As may have been expected, the incumbent insurer was not competitive.  It would be an understatement to say the committee was somewhat taken back by just how uncompetitive the incumbent insurer was:  T2 saved $20,000 in the first year.

The body corporate gained a significant saving, and in the process acquired a truly independent insurance broker they could trust to test the broad market each year for the ‘best value for money’ quote.

  • BCM’s fees and the strata insurance quotes are just two examples of what a sharp, questioning committee can achieve by always looking for opportunities to achieve the very best for their lot owners.

The UOAQ understands this culture is alive and well at T2.

T2’s Golden Opportunity:  Management Rights

The Caretaker Fee is normally the largest single item paid out of the Administration Fund each year:  usually around 35% of total payments.  For many years, neither T1 nor T2 were an exception to this general rule.

(T1 and T2 started with the same RUM.  When this entity went into receivership, the T2 RUM continued in the job while the T1 contract was transferred to another RUM.)

Like so many complexes, T2 had a long history of top-up requests from their RUM.  Unlike so many complexes, T2 had an equally long history of saying NO to these requests.

In 2016, with only three years of the caretaker’s contract remaining, T2 was advised that their mortgagee-controlled RUM wished to surrender the remainder of the contract.  Negotiations were then entered into between the relevant parties.

The upshot was that in 2016 a T2 EGM voted to:

  • Accept the early surrender in return for a one-off settlement of approximately $230,000
  • Enter into a fresh three-year contract with a new RUM selected through a tender process on the open market.

Relevantly, the new arrangement has all the hallmarks of the seminal case on management rights ie Carmel by the Sea:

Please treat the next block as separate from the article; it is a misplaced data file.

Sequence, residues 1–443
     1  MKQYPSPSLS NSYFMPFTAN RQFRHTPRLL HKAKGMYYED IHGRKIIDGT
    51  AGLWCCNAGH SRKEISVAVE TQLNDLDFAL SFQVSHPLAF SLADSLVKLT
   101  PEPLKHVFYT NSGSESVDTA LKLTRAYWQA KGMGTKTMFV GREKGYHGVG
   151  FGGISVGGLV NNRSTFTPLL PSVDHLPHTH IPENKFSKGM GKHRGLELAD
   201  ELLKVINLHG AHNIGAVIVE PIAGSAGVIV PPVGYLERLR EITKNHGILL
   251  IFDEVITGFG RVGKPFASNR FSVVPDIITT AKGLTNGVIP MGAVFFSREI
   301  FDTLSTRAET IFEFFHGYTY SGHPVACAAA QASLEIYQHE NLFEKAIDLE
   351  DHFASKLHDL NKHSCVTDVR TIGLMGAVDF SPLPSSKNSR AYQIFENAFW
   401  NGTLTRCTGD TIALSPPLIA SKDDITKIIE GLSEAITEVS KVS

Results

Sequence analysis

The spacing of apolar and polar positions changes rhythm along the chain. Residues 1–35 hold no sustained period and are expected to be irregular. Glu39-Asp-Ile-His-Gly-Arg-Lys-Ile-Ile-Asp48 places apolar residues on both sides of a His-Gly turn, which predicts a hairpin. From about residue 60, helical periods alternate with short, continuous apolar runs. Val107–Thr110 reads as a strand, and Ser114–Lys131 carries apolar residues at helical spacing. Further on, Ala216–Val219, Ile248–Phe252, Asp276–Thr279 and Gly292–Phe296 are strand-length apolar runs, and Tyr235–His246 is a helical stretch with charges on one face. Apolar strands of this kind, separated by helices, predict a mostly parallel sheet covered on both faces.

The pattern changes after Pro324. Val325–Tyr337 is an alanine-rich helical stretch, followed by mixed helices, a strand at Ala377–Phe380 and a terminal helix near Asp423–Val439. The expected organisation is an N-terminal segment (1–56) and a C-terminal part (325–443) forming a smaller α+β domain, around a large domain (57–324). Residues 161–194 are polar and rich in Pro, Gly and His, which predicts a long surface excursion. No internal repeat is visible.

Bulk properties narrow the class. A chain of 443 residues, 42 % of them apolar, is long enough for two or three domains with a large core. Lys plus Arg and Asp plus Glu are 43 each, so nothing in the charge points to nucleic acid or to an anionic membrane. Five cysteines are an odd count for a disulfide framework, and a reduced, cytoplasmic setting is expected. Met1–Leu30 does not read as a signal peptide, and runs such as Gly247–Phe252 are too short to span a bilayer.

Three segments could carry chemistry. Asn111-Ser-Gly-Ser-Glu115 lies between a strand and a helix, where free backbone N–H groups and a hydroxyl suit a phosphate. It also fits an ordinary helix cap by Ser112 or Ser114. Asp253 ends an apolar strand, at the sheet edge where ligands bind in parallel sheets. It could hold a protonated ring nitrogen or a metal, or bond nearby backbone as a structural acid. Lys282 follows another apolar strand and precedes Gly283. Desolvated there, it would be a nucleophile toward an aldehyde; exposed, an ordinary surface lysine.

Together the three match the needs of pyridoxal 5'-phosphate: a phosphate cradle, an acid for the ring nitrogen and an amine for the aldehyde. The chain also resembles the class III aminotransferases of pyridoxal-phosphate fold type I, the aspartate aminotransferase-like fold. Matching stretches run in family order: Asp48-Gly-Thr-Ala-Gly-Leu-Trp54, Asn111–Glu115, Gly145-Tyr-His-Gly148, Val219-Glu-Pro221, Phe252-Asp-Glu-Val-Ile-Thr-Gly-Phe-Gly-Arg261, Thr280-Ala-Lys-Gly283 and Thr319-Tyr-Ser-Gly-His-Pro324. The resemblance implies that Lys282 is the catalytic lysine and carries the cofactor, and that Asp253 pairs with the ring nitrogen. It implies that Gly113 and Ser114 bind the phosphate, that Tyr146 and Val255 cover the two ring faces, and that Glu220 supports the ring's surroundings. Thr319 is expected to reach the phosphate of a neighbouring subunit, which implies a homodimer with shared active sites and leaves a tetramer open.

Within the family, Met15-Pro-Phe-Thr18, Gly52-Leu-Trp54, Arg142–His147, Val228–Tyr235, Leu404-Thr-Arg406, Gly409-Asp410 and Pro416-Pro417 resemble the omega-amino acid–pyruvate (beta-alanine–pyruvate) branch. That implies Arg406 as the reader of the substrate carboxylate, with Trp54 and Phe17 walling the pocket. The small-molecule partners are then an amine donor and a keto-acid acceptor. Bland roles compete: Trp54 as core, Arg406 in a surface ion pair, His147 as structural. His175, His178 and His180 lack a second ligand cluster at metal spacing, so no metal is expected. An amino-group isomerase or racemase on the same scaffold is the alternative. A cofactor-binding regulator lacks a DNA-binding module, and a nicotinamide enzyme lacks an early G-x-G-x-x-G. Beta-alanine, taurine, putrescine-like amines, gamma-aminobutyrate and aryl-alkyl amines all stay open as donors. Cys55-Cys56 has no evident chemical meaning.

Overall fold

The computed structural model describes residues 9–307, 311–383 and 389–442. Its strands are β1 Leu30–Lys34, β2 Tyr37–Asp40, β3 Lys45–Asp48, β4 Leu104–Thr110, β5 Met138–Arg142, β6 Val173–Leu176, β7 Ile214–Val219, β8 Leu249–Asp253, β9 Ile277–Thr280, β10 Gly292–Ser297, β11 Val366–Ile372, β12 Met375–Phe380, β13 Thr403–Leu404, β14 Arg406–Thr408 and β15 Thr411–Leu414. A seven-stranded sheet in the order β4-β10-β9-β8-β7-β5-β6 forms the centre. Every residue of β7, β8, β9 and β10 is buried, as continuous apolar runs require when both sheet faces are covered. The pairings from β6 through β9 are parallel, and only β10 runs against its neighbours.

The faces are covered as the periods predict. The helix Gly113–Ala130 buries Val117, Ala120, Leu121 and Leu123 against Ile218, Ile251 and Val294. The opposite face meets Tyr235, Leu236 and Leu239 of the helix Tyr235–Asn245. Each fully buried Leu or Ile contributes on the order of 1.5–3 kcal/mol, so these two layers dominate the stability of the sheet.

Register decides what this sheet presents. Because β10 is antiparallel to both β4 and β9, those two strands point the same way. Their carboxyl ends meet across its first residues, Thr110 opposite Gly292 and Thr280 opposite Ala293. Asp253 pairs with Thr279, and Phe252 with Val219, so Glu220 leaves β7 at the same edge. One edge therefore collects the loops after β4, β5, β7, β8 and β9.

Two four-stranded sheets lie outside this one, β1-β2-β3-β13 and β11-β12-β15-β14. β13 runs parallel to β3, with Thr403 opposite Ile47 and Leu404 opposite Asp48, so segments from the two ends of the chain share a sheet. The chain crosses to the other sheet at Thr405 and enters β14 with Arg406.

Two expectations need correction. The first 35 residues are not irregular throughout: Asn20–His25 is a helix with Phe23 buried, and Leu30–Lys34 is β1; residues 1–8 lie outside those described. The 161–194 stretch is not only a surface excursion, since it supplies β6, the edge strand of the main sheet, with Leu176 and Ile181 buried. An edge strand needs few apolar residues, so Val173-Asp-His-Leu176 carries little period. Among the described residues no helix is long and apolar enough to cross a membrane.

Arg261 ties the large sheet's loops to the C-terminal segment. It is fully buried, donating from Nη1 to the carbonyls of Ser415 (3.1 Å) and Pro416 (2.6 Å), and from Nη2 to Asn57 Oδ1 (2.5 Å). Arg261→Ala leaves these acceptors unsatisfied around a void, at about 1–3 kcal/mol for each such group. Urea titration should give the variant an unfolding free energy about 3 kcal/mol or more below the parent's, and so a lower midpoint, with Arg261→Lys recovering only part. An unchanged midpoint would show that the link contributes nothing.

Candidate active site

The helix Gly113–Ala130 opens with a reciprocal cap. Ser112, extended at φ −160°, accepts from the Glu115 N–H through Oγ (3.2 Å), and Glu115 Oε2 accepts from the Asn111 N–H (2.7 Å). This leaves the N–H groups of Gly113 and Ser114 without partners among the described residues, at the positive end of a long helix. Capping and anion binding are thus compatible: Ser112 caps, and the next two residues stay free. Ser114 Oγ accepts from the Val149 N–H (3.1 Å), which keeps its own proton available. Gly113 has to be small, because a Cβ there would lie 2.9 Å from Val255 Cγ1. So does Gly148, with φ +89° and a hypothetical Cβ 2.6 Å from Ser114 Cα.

• T2 agreed to provide the new RUM with a three-year licence to operate the rental pool for free
  • In return, the new RUM agreed to heavily discount the annual Caretaker Fee by about $125,000.

This meant the $230,000 settlement fee would be recouped in the first two years of the 3-year contract, resulting in an even larger net reduction in the Admin Levy in the third year, and thereafter.

It was also agreed the annual Caretaker Fee would be tied inversely to the level of the rental pool:  the bigger the pool, the lower the fee.  As the RUM builds up the rental pool thereby making more money, this allows the RUM to charge the body corporate even less for the caretaking duties.

This new arrangement means that T2 has been able to stem the growth in their Admin Levies.  While so many things are getting more and more expensive, and much of this is beyond anyone’s control, it is useful to have a committee which looks very closely at those expenses which they can do something about.

A quick comparison of T1 and T2 shows:

  • T1’s Admin Levies have increased by 52% over the last five years, with their Caretaker’s Fees increasing by 13%
  • T2’s Admin Levies have gone up by 9% only, while their Caretaker’s Fees have dropped by 54%.

The upshot is that you can put a $$$ value on a sharp committee.

Flow-On Effect

One of the first questions asked of any real estate agent selling a unit concerns the annual levies.  It is little wonder that when comparing similar units in similar towers, the one with significantly lower levies will prove more attractive to the purchaser…and this will be reflected in the sale price.

As the levies come down, the value of the units goes up.